In general, I confess to a general, though slight, feeling of disappointment. Disappointment because the book also feels a little slight. So many sections manage to feel undercooked (if always interesting). Alchemy is such a fascinating subject with a luxurious iconography and from this book I learned that… 18th century alchemy is a fascinating topic, with interesting iconography. Cagliostro is undoubtedly a fascinating and elusive figure and relevant to the topic… but did such a plurality of the pages theoretically devoted to him actually have to be an explanation of the history of L’affaire du collier (the infamous Affair of the Necklace)? I understand he was charged (and acquitted) in the matter, but is his distant involvement stupendously relevant to the history of spiritualism, occultism, alchemy, etc. in the Enlightenment? Similarly, there are two chapters on Julie de Krüdener, a writer who I confess to have never heard of before, and while her story is interesting and maybe relevant because she appears to be an early literary figure in the transition from Enlightenment to Romanticism, but that’s kind of a stretch (though he attempts to bridge the gap by tendentiously connecting her to a series of semi-mystical writers who she… met? read? as well as to a later obsession with numerology which he also connects to Tolstoy and… wait for it… The Hitchhiker’s Guide to the Galazy).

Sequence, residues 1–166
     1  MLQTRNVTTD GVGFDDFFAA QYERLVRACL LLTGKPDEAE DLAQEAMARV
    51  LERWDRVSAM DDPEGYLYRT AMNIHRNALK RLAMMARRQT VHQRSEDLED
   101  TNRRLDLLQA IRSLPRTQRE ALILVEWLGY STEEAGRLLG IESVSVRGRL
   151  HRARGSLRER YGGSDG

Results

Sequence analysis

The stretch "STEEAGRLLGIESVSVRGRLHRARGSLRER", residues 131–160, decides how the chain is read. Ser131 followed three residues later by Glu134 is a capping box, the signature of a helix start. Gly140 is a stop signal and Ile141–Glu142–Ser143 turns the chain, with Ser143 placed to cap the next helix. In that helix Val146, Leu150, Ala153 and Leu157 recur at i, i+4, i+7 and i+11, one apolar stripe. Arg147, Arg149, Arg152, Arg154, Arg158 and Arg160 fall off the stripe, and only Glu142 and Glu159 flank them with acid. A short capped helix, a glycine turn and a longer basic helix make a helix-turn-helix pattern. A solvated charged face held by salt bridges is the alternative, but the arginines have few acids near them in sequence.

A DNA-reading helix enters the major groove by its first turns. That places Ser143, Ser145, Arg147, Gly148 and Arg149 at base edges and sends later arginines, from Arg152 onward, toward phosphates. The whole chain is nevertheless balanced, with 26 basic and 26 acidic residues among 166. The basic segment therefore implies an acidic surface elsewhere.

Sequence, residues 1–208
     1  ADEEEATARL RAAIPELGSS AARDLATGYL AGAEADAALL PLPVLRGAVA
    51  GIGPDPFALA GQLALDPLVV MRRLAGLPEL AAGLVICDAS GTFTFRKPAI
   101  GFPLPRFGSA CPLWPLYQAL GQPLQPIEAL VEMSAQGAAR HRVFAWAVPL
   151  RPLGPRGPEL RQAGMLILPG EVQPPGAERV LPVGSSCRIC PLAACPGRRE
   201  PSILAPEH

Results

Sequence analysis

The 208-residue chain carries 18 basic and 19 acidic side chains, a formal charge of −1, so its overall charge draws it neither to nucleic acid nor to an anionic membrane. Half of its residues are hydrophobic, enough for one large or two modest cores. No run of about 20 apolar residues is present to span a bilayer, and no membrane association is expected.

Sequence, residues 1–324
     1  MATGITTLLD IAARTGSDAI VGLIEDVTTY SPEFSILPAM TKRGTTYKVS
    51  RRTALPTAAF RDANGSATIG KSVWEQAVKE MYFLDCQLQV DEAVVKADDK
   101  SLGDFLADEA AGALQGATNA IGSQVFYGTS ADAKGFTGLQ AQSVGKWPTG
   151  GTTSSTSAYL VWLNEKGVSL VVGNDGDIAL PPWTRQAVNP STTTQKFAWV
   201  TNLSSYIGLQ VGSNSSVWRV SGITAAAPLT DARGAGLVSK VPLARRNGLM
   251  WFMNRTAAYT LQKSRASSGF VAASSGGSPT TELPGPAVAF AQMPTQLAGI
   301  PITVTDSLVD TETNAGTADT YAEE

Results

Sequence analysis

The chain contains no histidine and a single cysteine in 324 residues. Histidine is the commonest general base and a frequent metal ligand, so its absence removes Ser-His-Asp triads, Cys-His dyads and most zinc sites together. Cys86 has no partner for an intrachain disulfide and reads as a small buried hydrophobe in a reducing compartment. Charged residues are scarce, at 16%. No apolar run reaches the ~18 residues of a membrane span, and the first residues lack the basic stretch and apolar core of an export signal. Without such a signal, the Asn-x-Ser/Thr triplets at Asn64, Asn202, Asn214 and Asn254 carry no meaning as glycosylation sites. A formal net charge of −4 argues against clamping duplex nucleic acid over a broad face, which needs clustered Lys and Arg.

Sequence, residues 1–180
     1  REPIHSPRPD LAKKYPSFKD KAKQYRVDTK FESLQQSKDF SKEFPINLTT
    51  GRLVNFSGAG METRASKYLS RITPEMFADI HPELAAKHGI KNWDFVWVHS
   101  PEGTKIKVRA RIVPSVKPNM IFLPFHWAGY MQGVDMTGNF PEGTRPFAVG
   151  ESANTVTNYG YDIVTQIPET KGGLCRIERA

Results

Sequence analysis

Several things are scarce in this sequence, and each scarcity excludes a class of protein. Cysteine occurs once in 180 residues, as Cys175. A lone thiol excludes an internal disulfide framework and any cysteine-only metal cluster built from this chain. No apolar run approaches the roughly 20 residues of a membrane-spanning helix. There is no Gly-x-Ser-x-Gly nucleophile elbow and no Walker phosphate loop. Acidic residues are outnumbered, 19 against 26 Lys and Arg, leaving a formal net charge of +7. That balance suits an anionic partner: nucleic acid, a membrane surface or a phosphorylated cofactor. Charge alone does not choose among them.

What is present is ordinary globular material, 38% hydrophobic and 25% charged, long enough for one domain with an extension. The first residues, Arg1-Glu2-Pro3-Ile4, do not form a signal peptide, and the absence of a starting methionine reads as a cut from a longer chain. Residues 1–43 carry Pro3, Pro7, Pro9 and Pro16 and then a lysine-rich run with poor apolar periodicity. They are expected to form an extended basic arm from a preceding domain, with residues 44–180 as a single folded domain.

So, in conclusion (I sound Phillipa Chong now), I learned a lot, but a lot less than I would have expected about the supposed topic of the book.

img_5248The subtitle of this book was the title of an earlier book by Scruton and he describes this one as an attempt to wade back into the waters of demolishing the new new left (and also the same left as before, too).

His opening salvo acknowledges that Marx is not really, anymore, a lodestar for those on the left, but he still cannot help but engage with him, mostly because, like it or not, his philosophical writings are powerful and important.